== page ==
Mental health patients are not getting the care they need on the NHS due to a lack of beds, according to a survey by the Royal College of Psychiatrists.
Instead, doctors seem to be sectioning patients under the Mental Health Act in order to ensure they are getting treatment.
The Mental Health Act gives permission to detain a mental health patient, or section them, if they are a danger to themselves or others. However, 18% of junior doctors questioned in the survey said that their decision on whether to section a patient was influenced by the knowledge that they would be at a risk of not receiving treatment if they weren’t.
Furthermore, 37% of the 576 trainee doctors claimed that they knew colleagues who had made a similarly influenced decision.
On the other hand, 30% admitted that they had had to send critically ill patients home as their simply wasn’t room for them.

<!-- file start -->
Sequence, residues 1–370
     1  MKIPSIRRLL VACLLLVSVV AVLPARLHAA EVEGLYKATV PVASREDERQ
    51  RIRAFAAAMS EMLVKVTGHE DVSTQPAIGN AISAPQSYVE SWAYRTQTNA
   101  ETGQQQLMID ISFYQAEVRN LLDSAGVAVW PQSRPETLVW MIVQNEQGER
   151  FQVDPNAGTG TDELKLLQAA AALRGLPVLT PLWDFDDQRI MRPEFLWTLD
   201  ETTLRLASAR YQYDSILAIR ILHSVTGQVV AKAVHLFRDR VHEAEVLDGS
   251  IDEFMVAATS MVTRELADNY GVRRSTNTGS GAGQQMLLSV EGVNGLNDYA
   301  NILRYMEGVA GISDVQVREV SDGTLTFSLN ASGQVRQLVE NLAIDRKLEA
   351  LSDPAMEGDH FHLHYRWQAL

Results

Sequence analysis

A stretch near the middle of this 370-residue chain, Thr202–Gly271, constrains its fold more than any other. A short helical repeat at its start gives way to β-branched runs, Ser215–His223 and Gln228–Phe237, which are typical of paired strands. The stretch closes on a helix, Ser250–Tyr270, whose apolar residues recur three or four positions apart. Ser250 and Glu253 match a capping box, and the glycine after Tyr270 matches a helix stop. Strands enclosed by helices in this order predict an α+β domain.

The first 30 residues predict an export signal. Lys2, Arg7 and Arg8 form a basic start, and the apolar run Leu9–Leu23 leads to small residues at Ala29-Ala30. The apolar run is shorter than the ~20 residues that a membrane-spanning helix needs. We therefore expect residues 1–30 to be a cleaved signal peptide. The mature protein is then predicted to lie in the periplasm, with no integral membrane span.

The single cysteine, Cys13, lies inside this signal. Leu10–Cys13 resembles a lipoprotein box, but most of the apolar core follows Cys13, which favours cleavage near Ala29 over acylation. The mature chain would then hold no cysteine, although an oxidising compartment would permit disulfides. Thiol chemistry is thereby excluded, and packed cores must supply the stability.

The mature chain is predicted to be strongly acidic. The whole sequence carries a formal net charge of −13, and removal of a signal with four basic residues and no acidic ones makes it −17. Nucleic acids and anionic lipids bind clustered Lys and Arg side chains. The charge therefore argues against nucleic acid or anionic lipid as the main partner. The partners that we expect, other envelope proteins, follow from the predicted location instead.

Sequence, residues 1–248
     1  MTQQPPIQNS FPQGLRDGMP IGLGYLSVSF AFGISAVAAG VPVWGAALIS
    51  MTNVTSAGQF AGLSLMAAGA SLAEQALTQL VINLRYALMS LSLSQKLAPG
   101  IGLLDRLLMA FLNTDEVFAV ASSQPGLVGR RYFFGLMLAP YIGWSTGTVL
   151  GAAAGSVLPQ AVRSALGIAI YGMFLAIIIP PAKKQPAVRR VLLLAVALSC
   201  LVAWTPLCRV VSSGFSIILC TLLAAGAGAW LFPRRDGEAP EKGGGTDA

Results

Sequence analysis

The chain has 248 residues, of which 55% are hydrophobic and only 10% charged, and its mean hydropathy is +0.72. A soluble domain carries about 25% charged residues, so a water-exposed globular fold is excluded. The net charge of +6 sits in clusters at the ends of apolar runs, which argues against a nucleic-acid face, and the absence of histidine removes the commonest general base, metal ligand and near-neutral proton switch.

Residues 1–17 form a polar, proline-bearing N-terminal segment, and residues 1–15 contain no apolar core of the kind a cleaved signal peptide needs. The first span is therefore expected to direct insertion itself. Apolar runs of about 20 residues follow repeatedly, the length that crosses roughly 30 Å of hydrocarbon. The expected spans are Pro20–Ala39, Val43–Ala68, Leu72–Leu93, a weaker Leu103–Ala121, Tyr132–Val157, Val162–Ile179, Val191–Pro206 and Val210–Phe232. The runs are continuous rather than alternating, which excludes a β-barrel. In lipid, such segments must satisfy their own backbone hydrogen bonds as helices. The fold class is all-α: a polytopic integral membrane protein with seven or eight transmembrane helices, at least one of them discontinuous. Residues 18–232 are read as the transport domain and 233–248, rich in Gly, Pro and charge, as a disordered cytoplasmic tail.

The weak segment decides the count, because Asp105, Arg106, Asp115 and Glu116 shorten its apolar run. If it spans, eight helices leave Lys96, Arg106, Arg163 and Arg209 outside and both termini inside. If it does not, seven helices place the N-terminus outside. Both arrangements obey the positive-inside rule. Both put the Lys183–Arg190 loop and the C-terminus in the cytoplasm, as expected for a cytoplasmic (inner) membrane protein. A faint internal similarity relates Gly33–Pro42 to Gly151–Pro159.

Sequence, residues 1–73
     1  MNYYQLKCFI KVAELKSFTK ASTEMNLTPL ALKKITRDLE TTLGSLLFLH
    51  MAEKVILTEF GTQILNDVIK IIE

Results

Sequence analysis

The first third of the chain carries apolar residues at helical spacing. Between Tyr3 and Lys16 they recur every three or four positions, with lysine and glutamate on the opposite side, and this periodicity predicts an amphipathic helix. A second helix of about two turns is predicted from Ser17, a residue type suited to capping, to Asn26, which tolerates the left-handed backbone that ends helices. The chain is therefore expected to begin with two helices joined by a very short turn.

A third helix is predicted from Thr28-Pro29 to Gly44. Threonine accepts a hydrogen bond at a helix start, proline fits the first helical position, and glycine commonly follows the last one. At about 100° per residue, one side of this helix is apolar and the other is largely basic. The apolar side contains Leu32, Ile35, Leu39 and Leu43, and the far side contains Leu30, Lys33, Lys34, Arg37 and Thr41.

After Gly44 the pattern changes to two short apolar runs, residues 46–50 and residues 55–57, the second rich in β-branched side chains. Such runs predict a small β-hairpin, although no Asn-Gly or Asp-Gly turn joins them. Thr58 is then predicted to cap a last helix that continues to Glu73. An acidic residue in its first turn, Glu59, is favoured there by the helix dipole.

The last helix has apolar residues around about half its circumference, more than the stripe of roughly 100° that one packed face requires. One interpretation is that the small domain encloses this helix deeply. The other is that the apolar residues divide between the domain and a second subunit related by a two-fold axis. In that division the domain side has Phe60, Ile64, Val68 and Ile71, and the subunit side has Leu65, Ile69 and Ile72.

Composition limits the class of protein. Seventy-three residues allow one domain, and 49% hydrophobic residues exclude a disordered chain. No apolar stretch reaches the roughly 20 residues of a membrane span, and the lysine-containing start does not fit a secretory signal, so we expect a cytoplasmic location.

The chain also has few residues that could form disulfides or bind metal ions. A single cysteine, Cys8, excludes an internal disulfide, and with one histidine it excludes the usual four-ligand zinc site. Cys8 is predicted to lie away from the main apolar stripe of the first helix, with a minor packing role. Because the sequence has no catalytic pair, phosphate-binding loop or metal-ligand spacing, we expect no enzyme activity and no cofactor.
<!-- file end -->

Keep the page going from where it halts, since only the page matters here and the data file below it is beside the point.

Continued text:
One unnamed psychiatrist told BBC News that a patient had died purely as a result of not having an available bed. “The patient presented to us, they needed to be admitted, we couldn’t admit them locally, they were admitted to a hospital hundreds of miles away. The care they received there was not what we’d have done and they died.”
Dr Howard Ryland, who oversees training at the Royal college of Psychiatrists, was similarly reported saying that “the NHS doesn’t have the resources to cope with the ever increasing demand. The system doesn’t have the services to provide everyone with the care they need.”
The people suffering with mental health illnesses and their families are the ones who are being let down. Unfortunately, not enough emphasis of those suffering with chronic depression and anxiety is being put on the NHS.